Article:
Nate Bostrom introduced Lee Pao Xiong, the founding Director of the Center for Hmong and East Asian Studies, and Professor of Hmong Studies and American Government at Concordia University. Throughout his distinguished career, Xiong served as the Director of Housing Policy and Development for the City of Minneapolis, President and CEO of The Urban Coalition, Executive Director of the State Council on Asian-Pacific Minnesotan, Hmong American Partnership and the Hmong Youth Association of Minnesota. Previously, he has also served on the staff of Minnesota State Senator, Joe Bertram, and staff intern with United States Senator, Carl Levin, of Michigan in Washington, DC.
Having grown up on the CIA military base Long Tieng, Lee Pao Xiong, was no stranger to war even as a child. After evacuating Laos, Xiong’s family was sent to a Thai refugee camp; in 1976 his father made the decision to move the family to the United States. His early life and experiences as a young refugee are included in the 2017 TPT Twin Cities PBS’s documentary “Minnesota Remembers Vietnam: America’s Secret War”, viewable online at www.mnvietnam.org
From 1997 to 2003, Lee Pao represented the City of St. Paul, Lauderdale and Falcon Heights on the Metropolitan Council, as an appointee of Governor Jesses Ventura. As a Councilmember, he chaired the Livable Communities Committee, which approves comprehensive plans for over 170 cities, provides funding for affordable housing as well as Section 8 housing for low-income communities. He also co-chaired the Central Corridor Coordinating Committees, which oversaw the planning process for the Green Line on University Avenue, connecting Minneapolis and St. Paul.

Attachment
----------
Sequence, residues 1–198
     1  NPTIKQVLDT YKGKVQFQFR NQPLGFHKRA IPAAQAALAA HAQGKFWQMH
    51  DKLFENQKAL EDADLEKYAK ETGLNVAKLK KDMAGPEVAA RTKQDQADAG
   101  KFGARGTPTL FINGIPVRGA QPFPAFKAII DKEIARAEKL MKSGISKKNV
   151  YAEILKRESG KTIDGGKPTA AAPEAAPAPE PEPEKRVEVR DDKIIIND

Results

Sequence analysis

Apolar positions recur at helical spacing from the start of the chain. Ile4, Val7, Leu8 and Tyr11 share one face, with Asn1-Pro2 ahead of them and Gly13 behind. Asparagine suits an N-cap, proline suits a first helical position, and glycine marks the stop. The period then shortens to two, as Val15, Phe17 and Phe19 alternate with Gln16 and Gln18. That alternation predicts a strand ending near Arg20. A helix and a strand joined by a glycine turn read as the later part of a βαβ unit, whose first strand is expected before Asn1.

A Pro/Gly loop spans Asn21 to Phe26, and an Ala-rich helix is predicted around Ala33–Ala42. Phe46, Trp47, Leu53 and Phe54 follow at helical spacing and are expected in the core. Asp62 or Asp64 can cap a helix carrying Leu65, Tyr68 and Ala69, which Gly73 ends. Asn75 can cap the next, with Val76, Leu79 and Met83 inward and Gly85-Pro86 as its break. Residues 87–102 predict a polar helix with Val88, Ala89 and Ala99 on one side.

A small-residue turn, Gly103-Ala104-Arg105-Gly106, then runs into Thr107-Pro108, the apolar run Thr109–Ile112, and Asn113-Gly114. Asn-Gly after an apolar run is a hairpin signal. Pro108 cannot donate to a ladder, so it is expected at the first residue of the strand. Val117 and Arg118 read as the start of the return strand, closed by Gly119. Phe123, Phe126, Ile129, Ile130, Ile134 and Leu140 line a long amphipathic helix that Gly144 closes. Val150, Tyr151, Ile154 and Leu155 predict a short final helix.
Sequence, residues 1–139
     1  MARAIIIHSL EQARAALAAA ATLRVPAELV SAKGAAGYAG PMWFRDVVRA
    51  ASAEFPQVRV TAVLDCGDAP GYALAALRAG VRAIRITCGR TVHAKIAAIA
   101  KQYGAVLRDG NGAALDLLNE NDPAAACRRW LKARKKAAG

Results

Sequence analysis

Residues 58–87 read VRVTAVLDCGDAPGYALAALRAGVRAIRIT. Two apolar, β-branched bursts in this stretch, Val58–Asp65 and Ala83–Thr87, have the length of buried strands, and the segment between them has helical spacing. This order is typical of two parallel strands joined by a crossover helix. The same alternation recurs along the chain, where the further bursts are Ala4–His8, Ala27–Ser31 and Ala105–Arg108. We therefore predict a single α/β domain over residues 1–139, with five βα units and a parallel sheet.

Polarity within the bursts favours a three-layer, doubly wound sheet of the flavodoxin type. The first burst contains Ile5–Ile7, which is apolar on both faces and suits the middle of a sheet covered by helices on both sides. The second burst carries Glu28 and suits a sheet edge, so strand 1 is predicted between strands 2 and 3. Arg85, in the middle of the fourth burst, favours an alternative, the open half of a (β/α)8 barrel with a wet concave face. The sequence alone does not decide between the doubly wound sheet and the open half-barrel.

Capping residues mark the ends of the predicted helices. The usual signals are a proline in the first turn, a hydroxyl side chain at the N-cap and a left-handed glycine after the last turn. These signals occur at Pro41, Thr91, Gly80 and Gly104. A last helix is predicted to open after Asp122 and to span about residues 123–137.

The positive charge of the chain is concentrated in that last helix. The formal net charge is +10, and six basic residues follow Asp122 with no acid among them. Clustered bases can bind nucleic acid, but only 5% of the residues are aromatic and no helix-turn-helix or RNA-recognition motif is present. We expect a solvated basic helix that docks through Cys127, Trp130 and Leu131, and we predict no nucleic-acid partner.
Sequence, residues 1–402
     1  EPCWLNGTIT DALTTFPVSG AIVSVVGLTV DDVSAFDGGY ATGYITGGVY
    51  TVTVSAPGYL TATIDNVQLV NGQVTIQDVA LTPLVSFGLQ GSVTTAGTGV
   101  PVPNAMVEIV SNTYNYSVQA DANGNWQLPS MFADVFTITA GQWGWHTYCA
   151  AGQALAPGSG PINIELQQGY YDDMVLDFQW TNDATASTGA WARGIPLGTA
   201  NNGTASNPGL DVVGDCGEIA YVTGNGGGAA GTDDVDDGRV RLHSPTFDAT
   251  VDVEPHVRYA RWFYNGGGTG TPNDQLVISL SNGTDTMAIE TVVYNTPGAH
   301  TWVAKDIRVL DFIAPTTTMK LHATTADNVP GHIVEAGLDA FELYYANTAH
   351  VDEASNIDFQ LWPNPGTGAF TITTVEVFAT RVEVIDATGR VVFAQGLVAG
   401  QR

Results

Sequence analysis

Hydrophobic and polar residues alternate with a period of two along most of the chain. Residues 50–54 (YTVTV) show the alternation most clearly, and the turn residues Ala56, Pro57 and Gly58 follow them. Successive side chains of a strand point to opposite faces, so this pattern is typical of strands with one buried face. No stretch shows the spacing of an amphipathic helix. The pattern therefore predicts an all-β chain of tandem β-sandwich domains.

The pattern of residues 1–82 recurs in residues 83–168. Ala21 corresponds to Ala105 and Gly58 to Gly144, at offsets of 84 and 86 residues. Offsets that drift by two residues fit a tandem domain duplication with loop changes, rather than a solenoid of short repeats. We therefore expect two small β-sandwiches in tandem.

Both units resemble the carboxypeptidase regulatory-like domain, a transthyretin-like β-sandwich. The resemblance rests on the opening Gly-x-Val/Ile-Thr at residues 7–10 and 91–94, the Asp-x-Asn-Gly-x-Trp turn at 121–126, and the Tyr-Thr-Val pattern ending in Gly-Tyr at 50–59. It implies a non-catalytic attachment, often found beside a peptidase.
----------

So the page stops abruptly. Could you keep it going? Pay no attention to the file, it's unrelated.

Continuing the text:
In 2000, President Clinton appointed Lee Pao Xiong to serve on the President’s Advisory Commission on Asian-Americans and Pacific Islanders to advise on issues relating to the 10 plus million Asian Americans in the United States, making him the first Hmong presidential appointee in the nation.
Mr. Xiong provided some of the 5,000-year history of the Hmong people as they interacted with other groups in various locations in southeast Asia. The conflicts since World War 2 heavily affected the Hmong, leading to a large-scale exodus away from Communist regimes spreading through the region in 1975. Ending up in a more hospitable Minnesota, Mr. Xiong’s hard work and Hmong community support, proved that success for immigrants and refugees is possible, given hard work, welcoming cities, and large amounts of situational luck. He noted that racism and prejudice are still present, and anti-Asian sentiments due to COVID provide moments of tested faith in our country’s cherished protections. Mr. Xiong’s attitude is still “America is the best place to live!”
The Center for Hmong Studies prepares teachers, records oral histories of a group without a written language, research resources and museum exhibits of the Hmong culture.
To contact Mr. Xiong: email email@example.com
To learn more about the Center: https://www.csp.edu/center-for-hmong-studies/